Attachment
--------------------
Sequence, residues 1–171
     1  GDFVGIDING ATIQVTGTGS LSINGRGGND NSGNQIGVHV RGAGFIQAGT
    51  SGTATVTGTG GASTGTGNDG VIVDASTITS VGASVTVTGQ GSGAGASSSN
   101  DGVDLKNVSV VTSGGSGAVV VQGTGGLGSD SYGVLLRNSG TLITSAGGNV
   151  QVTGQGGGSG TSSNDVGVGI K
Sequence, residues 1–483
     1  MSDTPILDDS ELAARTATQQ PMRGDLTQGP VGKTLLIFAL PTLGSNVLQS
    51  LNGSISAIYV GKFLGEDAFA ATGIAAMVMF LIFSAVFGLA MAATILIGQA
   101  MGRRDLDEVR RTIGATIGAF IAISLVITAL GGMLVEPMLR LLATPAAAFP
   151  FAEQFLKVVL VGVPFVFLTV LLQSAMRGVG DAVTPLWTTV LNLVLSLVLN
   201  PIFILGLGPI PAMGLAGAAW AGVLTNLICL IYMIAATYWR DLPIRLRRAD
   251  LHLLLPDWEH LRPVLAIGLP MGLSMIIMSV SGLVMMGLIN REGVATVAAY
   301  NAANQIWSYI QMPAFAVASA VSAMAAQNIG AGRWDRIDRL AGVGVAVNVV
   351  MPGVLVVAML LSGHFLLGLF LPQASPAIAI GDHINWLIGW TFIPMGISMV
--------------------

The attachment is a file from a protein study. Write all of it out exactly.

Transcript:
Sequence, residues 1–171
     1  GDFVGIDING ATIQVTGTGS LSINGRGGND NSGNQIGVHV RGAGFIQAGT
    51  SGTATVTGTG GASTGTGNDG VIVDASTITS VGASVTVTGQ GSGAGASSSN
   101  DGVDLKNVSV VTSGGSGAVV VQGTGGLGSD SYGVLLRNSG TLITSAGGNV
   151  QVTGQGGGSG TSSNDVGVGI K
Sequence, residues 1–483
     1  MSDTPILDDS ELAARTATQQ PMRGDLTQGP VGKTLLIFAL PTLGSNVLQS
    51  LNGSISAIYV GKFLGEDAFA ATGIAAMVMF LIFSAVFGLA MAATILIGQA
   101  MGRRDLDEVR RTIGATIGAF IAISLVITAL GGMLVEPMLR LLATPAAAFP
   151  FAEQFLKVVL VGVPFVFLTV LLQSAMRGVG DAVTPLWTTV LNLVLSLVLN
   201  PIFILGLGPI PAMGLAGAAW AGVLTNLICL IYMIAATYWR DLPIRLRRAD
   251  LHLLLPDWEH LRPVLAIGLP MGLSMIIMSV SGLVMMGLIN REGVATVAAY
   301  NAANQIWSYI QMPAFAVASA VSAMAAQNIG AGRWDRIDRL AGVGVAVNVV
   351  MPGVLVVAML LSGHFLLGLF LPQASPAIAI GDHINWLIGW TFIPMGISMV